A leader in prefabricated design, Joseph Tanney, FAIA, has transformed the understanding of prefab among the profession and the public through his distinctive design methodology, THE MODERN MODULAR. Tanney founded
Resolution: 4 Architecture in 1990 with Robert Luntz. Since its inception, his 10-person New York office has completed projects in the residential, commercial, and public realms, and received 15 AIA design awards and 20 design awards from other institutions. These honors include a 2005 American Architecture Award, a 2006 National AIA Housing Award for Concepts in Innovative Housing, and a 2006 Honor Award for Housing Design Research from the Boston Society of Architects and the AIA New York Chapter.
This year, the Jury of Fellows of the AIA elevated Tanney to its prestigious College of Fellows in the first category of Fellowship, which recognizes architects who have “Promoted the aesthetic, scientific, and practical efficiency of the profession,” according to the organization’s definition. While only three percent of the AIA’s membership is distinguished with Fellowship, Tanney’s investiture will be held at a future AIA Conference and virtually at AIANY’s 2020 New Fellows Celebration on December 18. Please join us!
Q: What is influencing your work the most right now?
A: I’ve been preoccupied with evolving efficiencies of design, its implementation and its performance. Pursuing these efficiencies in the single-family home has become a major focus of our practice. It began with designing small domestic spaces in NYC and has continued through the custom homes and synthesized in the modular work.
Q: How/why did you decide to pursue architecture?
A: I’ve always wanted to be an architect. I was born in Chicago and have been influenced by the city. Experiencing the energy of the Loop downtown and the calm of FLW’s Unity Temple in Oak Park ignited an early interest in exploring architecture. I loved visiting the miniature rooms at the Art Institute and the model railroad at the Museum of Science and Industry. The city’s fabric naturally promotes a curiosity about the spaces not only within, but also between buildings. And like most architects, I loved to draw. Especially plans. House plans. City plans. Imaginary two-dimensional worlds. I feel fortunate to have had the opportunity to pursue my interests and to be on this path.
Q: What has been particularly challenging in your recent work?
A: Practicing architecture remotely has been a challenge for everyone. The spontaneity of communication with colleagues in the same studio space is critical when creating something from nothing. We’re very hands-on throughout the process, and when designing someone’s personal space, I found it super important to meet with clients face-to-face. Sitting at the same table, literally breathing the same air, discussing ideas and sketching in real time strengthens the relationship, and establishes a fluid dialogue for the process. That said, I’ve been pleasantly surprised by our office’s ability to transition. Collaborating over the screen has forced me into being more deliberate and focused during our meetings. Although the process of discovery does not have same flow, working remotely as a small office is actually creating a more organized and streamlined process overall, moving us in the direction of becoming a more efficient practice.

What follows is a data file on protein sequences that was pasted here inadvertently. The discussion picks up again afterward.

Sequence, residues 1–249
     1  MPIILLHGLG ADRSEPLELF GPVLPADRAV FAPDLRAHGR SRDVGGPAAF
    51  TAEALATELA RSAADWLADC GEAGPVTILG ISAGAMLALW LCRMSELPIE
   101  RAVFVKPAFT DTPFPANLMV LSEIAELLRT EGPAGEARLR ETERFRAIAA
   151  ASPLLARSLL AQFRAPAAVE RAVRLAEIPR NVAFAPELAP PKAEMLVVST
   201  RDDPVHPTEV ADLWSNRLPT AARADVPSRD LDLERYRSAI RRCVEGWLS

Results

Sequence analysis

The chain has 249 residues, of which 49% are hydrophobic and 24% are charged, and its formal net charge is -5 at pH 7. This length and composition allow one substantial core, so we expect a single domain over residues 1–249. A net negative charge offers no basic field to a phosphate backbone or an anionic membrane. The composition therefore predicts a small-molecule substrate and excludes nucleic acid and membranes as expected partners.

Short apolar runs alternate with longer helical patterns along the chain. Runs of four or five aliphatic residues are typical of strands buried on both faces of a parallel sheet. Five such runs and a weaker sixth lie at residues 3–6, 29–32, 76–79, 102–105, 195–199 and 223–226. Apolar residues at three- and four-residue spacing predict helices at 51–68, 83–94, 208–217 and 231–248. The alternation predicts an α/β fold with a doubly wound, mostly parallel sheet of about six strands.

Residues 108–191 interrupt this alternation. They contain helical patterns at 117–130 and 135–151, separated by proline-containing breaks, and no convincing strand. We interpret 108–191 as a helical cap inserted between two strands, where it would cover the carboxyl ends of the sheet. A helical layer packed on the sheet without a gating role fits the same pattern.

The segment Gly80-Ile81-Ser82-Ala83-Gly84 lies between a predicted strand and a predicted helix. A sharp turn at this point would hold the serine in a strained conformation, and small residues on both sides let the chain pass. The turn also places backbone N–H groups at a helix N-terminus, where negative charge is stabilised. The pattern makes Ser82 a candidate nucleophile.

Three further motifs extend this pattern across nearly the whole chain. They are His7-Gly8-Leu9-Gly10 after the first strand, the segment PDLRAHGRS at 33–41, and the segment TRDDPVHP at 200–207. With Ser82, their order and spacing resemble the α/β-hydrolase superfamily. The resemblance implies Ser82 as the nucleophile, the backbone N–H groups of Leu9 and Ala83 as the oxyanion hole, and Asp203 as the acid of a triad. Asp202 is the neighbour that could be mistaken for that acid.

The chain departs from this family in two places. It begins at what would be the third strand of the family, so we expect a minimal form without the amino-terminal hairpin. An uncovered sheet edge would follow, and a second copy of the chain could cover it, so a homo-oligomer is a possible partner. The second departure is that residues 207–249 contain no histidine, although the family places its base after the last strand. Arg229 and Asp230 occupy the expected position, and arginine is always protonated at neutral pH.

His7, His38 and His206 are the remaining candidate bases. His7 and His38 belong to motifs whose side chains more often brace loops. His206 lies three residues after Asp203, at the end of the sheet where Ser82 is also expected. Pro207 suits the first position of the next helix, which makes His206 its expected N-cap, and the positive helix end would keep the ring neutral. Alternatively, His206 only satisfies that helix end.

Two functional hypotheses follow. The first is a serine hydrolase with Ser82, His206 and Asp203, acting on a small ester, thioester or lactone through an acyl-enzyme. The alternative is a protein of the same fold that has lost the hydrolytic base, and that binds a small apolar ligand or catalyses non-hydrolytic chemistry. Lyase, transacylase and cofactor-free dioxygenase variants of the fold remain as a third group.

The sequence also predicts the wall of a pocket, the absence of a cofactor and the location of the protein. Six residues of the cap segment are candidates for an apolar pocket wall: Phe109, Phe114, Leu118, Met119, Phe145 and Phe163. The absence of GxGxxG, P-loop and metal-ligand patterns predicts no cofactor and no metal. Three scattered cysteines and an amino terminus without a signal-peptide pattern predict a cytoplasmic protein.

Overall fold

Q: What are some of your favorite recent projects that you’ve worked on?
A: My favorite project always seems to be the one I’m working on that moment when asked, or just finished, or the one I’m just about to start. We’re fortunate and feel very privileged when given an opportunity to design someone’s personal living environment. Currently, we’re working on a number of homes with amazing sites and great clients up and down the east coast. One of which is a new masterplan of an old Hudson River estate. The client, motivated by the quarantine and a desire to create a multi-generational live/work compound, is requesting several sustainable accessary structures, including: an office, two new residences, greenhouse, pool house, maintenance shed, basketball court, football field, as well as a green renovation to an historic home. Whereas most of our work is singular in nature, this is a rare opportunity for us to create a dialogue among a small ensemble of sustainable structures.
Q: How have recent advancements in technology impacted your work?
A: Although the technologies are not new, we have recently advanced our understanding on how to best use them. In addition to environmentally responsible materials, recent advancements in supplemental energy available for the single-family home are elevating the sustainability of our work. Specifically, geo-thermal and solar energy keep improving in performance while decreasing in cost. As a co-generational system, these technologies are capable of producing more energy than the home consumes. We are also exploring various methods of prefabrication. Again, these are not new, however, we are advancing our ability in employing more of these methods in creating a higher value proposition. In addition to wood-framed modular delivery methods, we’re working with steel-framed modular, as well as various methods of panelization. Finally, the most impactful and recent advancement in our use of technology is of course, Zoom.
Editors’ Note: This feature is part of a series celebrating the members of the American Institute of Architects (AIA) New York Chapter who are elevated each year to the AIA College of Fellows, an honor awarded to members who have made significant contributions to both the profession and society. Learn more about Fellowship here.